2023-06-11 Middle Creek – PA

Indigo Bunting - Passerina cyanea
I said goodbye to my friends in Wernersville Pennsylvania, and began my trip south to explore the Appalachians. Only a half hour away, I stopped at the Middle Creek Wildlife Management Area and toured their 6000 acre reserve.

Brown Thrasher - Toxostoma rufum

Ovenbird - Seiurus aurocapilla

2023-06-11 Sunday

After a week enjoying the hospitality of my long-time friends Jeff and Kathy in Wernersville PA, This morning I’m on the road again. I used some of my time in Wernersville to get my blog backlog whittled down. I published two blogs during my stay here, but the two stories pertaining to my visit here are not yet complete. 

I have a rough idea of the road ahead. There is a wildlife reserve a half hour’s drive from my starting point in Wernersville that I will be stopping by this morning (Middle Creek). After that, I will explore the full length of the Appalachian Mountains. Though my plans to visit Nova Scotia fell through, the road ahead holds considerable potential for adventure.

The smoke from those Nova Scotia fires has been plaguing the Atlantic coast. Even here in Pennsylvania, air quality has been poor, though not as severe as places like NYC. A couple of rain events have helped clear the air, but as the fires continue to burn, the problem persists. These fires have been burning for two weeks, and are still out of control. Fires in the Canadian west are not unusual, but their east coast provinces are not accustomed to such severe fires. Past fires have mostly been restricted to rural and under populated regions. Yet there are currently several fires burning, and this year hundreds of homes have been damaged or destroyed. Yet the 24-hour fake news channels see fit to politicize the situation, because of all the smoke in New England.

2023-06-12 Monday

My visit to Middle Creek Wildlife Management Area was all I hoped for. Once I found the auto tour road, my expectations were elevated. Without the road winding through the nearly 6000 acres, the experience would not have been very memorable. 

I found a one-way road a mile and a half south of the town of Kleinfeltersville, Pennsylvania. Without a map, I followed the narrow paved One-Way road and let it dictate the day’s journey. The first leg of this road (conveniently called Middle Creek Wildlife Drive) cut through a large grove of tall broadleaf trees. At the first glimpse of bird movement, I pulled to the roadside and studied the sights and sounds. I could hear a singing Ovenbird from deep within the grove, but in classic Ovenbird fashion, it stayed out of sight. Blue Jays and Catbirds peaked through the nearby branches to satisfy their curiosity about me.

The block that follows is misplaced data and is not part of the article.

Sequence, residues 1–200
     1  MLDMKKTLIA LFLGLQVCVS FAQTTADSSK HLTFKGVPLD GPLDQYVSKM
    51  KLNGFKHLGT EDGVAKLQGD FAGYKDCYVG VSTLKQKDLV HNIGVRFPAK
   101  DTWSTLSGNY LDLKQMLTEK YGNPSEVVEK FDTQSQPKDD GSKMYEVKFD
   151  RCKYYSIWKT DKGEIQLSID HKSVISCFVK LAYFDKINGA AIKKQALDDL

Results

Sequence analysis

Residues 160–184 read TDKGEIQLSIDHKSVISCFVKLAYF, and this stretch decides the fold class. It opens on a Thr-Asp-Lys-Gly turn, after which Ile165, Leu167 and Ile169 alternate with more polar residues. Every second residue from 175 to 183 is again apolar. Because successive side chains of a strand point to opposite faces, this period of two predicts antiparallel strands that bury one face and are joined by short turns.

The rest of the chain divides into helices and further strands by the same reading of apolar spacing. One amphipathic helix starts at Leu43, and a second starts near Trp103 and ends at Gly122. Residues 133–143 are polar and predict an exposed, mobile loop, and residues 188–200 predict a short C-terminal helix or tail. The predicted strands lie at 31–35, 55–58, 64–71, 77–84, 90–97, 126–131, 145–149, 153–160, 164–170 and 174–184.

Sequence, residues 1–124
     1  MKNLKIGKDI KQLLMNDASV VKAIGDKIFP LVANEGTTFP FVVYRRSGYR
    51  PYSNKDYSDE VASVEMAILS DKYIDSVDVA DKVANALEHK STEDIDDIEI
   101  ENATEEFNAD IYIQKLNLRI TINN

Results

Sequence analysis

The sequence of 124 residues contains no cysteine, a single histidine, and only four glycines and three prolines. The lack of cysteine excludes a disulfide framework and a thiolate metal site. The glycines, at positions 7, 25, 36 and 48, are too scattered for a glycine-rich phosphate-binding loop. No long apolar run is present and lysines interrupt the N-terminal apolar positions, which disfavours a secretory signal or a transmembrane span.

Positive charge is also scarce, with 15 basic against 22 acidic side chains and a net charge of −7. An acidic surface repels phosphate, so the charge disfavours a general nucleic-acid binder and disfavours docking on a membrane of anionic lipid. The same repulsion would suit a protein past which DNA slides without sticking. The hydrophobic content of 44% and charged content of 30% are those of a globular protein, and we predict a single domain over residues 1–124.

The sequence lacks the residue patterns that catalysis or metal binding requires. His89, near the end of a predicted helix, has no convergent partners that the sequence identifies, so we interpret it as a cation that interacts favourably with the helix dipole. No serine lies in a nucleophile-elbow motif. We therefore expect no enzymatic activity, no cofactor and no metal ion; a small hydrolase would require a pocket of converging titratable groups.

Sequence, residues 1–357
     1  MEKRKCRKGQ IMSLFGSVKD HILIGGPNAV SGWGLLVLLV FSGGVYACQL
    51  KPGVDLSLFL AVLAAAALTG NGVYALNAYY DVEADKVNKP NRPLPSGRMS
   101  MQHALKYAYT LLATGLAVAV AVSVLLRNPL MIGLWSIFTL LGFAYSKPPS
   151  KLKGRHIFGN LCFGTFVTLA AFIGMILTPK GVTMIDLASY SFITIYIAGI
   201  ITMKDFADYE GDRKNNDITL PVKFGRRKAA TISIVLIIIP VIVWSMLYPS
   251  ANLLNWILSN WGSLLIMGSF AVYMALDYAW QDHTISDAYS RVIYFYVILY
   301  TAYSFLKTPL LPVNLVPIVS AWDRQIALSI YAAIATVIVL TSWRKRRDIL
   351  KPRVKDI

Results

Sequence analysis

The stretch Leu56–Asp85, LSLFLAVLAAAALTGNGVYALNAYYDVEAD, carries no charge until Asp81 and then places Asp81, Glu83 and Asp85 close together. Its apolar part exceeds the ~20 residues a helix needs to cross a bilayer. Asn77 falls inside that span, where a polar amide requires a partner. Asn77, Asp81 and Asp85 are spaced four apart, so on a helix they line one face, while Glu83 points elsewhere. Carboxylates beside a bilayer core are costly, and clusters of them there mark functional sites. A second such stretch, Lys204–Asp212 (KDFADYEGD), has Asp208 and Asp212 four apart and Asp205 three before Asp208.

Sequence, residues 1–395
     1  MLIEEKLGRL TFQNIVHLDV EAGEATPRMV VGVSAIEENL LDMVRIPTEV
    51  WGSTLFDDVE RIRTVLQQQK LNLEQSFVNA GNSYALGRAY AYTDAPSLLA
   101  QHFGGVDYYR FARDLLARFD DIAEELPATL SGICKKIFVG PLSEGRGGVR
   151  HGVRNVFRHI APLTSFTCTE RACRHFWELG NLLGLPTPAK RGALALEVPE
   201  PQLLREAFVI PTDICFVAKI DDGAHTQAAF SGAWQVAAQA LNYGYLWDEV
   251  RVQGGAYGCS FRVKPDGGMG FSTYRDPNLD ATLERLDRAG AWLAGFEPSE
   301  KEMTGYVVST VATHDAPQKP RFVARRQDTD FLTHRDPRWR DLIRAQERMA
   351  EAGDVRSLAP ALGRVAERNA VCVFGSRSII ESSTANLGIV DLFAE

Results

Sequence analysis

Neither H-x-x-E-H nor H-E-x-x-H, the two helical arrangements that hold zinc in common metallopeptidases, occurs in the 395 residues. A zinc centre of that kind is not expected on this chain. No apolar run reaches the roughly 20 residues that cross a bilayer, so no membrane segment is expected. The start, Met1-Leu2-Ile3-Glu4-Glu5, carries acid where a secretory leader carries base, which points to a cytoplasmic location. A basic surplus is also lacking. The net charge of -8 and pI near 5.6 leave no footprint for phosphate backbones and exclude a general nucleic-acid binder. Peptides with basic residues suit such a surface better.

2023-06-11 Sunday

When I emerged from the forested roadside, the road climbed over a grassy hill lined with several dozen bird houses. Most of the tenets were Tree Swallows, but I saw one pair of Eastern Bluebirds in the neighborhood. Near the crest of the low hill, I saw the unmistakable form of a bright male Bobolink as it flew away. I parked, hoping it would return, but it was not to be. So I contented myself with the swallows hovering over the nearby fields.

I continued my drive and found a fork in the road. To the left was a “Two-Way” road, and to the right, a continuation of the “One-Way” I was following. I followed the Two-Way for about a mile until I reached a dead-end turnaround. I stopped there to look for avian treasure. Yellow Warblers were my reward. Then I back-tracked and continued my exploration of the One-Way road I started out on.

After several miles through mixed grass and trees, the road carried me south to the deep forested slopes of the Furnace Hills. I passed several parking areas tucked away between the road and Middle Creek Lake. Some led to picnic areas and trail heads, and some led to boat ramps. Because I could hear thrushes and ovenbirds calling from nearby, I set up my camera gear and lingered for a while. Surprisingly, it was the Ovenbird who cooperated nicely, giving me some of its time to pose for me. Wood Thrushes flitted through the distant understory. And a Pileated Woodpecker drummed and called loudly from the canopy up-slope, but refused to provide even a brief glimpse. A small Empidonax-type flycatcher passed nearby, but it never stopped long enough for me to see it well. Acadian Flycatchers dwell in this region, as do Eastern Wood Pewees. My bird might have been either. While under a 100 foot canopy, most of the light from even the brightest day is filtered out, obscuring bird identities. 

When I finished my exploration of the reserve, I had captured images of Blue Jays, Brown Thrashers, Common Yellowthroats, Gray Catbirds, Great Crested Flycatchers, Indigo Buntings, Northern Mockingbirds, Ovenbirds, Red-Winged Blackbirds, Song Sparrows, Tree Swallows, and Yellow Warblers.

I continued my journey south looking forward to more adventures. I passed through Maryland and stopped at a rest area a few miles south of the Virginia border. While there, I learned of a state park called Sky Meadows. The next morning, I headed out on the road again, looking forward to my next adventurous episode.

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